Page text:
Metrics that assess how visitors interact with a website and how many visitors interact with a website are becoming more important as a KPI or indicator of a brand website's success as more and more successful organisations push towards the data-driven digital growth phase.
These qualities can be measured with the aid of tools like Google Analytics. In this article, we concentrate on the average time on page and the average session duration, two important web analytics measures. We will discuss what they mean, how they are calculated, and the kind of data they might offer regarding a website's functionality. Let's start by explaining what "time-on-page" and "session-duration" mean.
TIME ON PAGE
The amount of time spent on a web page between when a visitor first arrives and when they leave to see another is known as the time-on-page. The trigger that starts the clock counting down from the time spent on the previous page is clicking a link to navigate to another one of the website's pages. The time-on-page is zero if a user leaves a website without visiting any other pages.
The period of time during which a user regularly interacts actively on a website is known as a session-duration. When the user is inactive for a predetermined period of time, the session is timed out (30 minutes by default). The term "session-duration" refers to the total amount of time a user spends on a website. In essence, it represents the total amount of time spent on each page of a website within a single session. Once more, the visitor's time spent on the last page before leaving will be 0.
We can now describe "average time-on-page" and "average session-duration" since we have a clear understanding of the words "time-on-page" and "session-duration":
Average Time on Page
The average amount of time spent by all users on a single page of a website is calculated using the term "average time on page." It excludes exit pages and bounces and is limited to time spent on non-exit pages.
Average Session Duration
The average amount of time spent per session on a website is measured using the average session duration. The result is calculated by dividing the total time spent across sessions by the total number of sessions.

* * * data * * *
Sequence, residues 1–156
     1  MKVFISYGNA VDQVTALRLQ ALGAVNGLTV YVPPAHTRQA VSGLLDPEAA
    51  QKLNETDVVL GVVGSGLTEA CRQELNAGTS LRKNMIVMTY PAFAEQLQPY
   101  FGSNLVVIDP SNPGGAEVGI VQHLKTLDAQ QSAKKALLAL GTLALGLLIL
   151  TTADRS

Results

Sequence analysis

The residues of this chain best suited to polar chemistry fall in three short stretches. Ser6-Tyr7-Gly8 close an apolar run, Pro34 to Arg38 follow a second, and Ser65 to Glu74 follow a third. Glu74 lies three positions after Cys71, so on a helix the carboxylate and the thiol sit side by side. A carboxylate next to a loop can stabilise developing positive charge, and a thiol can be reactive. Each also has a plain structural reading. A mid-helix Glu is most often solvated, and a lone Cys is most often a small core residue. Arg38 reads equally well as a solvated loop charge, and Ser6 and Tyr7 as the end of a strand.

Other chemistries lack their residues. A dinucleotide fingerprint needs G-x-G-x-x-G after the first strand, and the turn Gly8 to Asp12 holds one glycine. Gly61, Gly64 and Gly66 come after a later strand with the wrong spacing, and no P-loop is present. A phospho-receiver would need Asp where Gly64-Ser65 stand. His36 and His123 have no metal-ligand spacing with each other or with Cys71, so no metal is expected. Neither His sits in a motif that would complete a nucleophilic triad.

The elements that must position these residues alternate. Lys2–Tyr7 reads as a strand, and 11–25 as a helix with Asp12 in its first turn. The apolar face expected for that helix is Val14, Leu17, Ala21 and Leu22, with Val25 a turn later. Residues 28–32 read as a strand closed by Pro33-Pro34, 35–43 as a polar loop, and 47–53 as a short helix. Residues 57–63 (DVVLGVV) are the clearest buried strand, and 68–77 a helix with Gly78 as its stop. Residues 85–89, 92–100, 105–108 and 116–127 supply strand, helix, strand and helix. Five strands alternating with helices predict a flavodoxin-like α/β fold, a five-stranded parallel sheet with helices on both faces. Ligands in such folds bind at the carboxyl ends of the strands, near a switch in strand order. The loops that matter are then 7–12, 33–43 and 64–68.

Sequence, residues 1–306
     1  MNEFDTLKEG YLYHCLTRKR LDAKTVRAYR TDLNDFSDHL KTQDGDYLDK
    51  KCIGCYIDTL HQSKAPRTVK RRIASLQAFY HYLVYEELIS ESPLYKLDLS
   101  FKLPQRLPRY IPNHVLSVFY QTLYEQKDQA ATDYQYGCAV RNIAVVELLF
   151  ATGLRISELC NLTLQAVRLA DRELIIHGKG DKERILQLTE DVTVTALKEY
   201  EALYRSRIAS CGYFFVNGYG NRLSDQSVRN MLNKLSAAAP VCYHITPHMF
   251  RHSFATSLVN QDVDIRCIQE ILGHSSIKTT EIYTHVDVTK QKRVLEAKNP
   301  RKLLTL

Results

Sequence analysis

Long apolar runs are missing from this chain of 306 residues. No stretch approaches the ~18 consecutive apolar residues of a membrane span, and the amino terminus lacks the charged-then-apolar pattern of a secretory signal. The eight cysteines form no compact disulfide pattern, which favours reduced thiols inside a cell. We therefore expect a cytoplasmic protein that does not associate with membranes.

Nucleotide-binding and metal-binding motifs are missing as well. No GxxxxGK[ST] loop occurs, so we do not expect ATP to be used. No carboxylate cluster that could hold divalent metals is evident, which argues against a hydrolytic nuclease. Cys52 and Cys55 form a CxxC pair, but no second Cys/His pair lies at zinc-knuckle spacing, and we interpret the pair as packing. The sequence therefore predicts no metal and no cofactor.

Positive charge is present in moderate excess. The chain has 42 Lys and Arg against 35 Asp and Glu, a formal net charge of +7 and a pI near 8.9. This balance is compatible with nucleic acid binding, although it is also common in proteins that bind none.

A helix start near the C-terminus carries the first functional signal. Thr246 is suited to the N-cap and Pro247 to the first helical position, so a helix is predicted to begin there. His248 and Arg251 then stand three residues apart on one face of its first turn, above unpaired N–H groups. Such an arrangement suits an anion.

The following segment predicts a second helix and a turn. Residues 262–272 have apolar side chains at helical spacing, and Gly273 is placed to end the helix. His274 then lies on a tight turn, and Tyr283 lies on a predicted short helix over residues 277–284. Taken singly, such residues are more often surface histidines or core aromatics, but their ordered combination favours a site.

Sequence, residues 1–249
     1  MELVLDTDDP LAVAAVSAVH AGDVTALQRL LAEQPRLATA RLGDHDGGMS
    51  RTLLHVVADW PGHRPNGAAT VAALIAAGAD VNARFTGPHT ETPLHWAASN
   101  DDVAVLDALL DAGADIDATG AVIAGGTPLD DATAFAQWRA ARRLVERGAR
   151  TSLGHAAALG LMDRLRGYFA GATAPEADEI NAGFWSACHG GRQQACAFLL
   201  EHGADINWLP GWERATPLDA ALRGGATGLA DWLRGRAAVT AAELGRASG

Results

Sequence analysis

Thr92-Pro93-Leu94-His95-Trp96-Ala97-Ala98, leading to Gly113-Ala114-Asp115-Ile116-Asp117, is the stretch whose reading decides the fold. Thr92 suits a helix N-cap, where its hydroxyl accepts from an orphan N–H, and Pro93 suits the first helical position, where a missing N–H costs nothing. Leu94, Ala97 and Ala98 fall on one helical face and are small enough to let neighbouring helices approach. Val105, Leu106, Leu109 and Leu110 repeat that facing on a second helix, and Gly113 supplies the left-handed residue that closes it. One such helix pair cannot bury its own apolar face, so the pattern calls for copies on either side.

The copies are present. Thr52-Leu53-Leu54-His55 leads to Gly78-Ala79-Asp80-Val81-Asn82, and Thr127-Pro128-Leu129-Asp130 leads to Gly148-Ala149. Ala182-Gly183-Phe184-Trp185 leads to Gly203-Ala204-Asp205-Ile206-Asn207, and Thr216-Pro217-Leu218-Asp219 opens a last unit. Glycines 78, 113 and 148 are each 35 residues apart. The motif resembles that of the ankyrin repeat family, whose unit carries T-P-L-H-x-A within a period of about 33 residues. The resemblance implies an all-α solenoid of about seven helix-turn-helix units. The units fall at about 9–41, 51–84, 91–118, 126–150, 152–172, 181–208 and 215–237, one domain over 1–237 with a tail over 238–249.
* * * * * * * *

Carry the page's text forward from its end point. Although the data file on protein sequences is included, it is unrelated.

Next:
Let's look at the samples below to better grasp these metrics. For the same page during the same time period, the average session duration and average time on page are calculated:
Confused Why the Average Session Duration is much less than the Average Time-on-Page?
When we look at the averages across numerous sessions, we frequently see the inverse of the rule that states that the time-on-page can never be longer than the session-duration for a single session. This is due to the fact that while all visits are taken into account when calculating the average time-on-page, the number of exits is excluded. The sum of all session lengths divided by the total number of sessions yields the average session length.
This implies that the average session duration for all of our sessions will be impacted by all of our 0-second sessions that were the consequence of bouncing sessions. As a result, your average session duration will decrease the higher your bounce rate.
The influence of exit pages cannot be completely disregarded in the Session Duration measure. Every session has an exit page, and if there aren't many pages in the visit, losing the timing of that final page might significantly affect the overall. The Sessions count is 1 but the Session Duration is 0 in the extreme instance of a "bounce" visit with only one page read!
As a result, it is not advised to use Average Session Duration as a critical performance indicator because variations in the quantity of pages viewed each session, bounce rate, and session count can all affect the measure.